SAN FRANCISCO (KGO) -- Tucked in the western hills of San Francisco, Laguna Honda Hospital has cared for the city's neediest since the days after the Gold Rush.
Volunteers have assembled hundreds of photographs and artifacts dating back to Laguna Honda's birth as the city's Alms House. Established in 1866, it sheltered San Francisco's early homeless and destitute.
"It all stems from those early Gold Rush days, when San Francisco stepped up to the plate and said hey, 'We do take care of people' and it has continued to this day," says Louise Renne, a former San Francisco supervisor and longtime supporter of Laguna Honda.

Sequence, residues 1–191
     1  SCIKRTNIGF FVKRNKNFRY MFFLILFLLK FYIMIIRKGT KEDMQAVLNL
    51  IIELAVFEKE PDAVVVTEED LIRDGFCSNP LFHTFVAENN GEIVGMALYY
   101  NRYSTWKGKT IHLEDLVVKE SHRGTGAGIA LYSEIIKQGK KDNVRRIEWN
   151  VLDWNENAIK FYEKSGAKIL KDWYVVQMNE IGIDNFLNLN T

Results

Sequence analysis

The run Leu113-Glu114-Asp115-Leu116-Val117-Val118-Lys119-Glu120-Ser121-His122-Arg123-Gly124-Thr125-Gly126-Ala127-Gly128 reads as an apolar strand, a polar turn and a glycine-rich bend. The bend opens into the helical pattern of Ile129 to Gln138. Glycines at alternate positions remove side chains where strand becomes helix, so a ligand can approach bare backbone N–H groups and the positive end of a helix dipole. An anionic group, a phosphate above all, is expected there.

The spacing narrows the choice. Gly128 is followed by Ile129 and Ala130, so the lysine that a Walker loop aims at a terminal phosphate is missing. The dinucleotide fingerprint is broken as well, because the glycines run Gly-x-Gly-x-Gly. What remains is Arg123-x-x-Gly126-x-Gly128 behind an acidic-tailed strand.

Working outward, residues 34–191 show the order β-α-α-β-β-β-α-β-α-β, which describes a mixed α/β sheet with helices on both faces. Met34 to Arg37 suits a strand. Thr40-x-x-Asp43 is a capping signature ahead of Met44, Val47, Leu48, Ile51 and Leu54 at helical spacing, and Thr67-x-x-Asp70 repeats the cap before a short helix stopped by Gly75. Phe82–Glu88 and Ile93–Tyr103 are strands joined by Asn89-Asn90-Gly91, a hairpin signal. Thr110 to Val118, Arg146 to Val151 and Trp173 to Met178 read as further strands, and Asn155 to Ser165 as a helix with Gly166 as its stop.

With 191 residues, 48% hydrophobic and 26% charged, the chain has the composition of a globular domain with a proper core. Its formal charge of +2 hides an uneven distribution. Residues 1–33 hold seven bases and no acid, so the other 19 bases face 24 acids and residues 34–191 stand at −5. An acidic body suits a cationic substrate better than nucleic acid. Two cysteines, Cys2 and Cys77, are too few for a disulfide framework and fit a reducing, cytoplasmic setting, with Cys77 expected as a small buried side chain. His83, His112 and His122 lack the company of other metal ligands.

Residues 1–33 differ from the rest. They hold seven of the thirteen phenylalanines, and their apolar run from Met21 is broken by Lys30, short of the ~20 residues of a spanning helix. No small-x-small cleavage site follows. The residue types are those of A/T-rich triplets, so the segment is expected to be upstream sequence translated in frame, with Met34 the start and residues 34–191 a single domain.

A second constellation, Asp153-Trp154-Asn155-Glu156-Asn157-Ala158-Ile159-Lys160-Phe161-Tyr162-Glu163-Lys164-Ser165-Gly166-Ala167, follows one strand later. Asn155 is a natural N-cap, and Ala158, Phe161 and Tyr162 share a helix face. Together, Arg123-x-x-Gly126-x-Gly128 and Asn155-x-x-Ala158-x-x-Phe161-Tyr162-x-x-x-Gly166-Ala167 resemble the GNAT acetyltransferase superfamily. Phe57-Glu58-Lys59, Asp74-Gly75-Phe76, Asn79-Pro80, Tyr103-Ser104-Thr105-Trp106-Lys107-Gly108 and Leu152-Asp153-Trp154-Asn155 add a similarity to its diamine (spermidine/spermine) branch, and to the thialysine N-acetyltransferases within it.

The Alms House site was carved out of ranchland west of Twin Peaks. Its original residents grew much of their own food and even tended to a barn full of dairy cows. Later after the 1906 Earthquake buildings were expanded to include medical care. Patient logs and early instruments still survive in the new exhibit.
In the 2000s Renne and other supporters celebrated a major renovation that completed Laguna Honda's journey from Alms House, to modern medical facility.
"Laguna Honda is a publicly owned, publicly funded skilled nursing center. We are one of the very few in the country," Renne points out.
And 150 years after its birth, one thing at Laguna Honda remains unchanged, It's mission to care for people, who can't care for themselves.
Click here for details on Laguna Hondas anniversary celebration.
Written and produced by Tim Didion.
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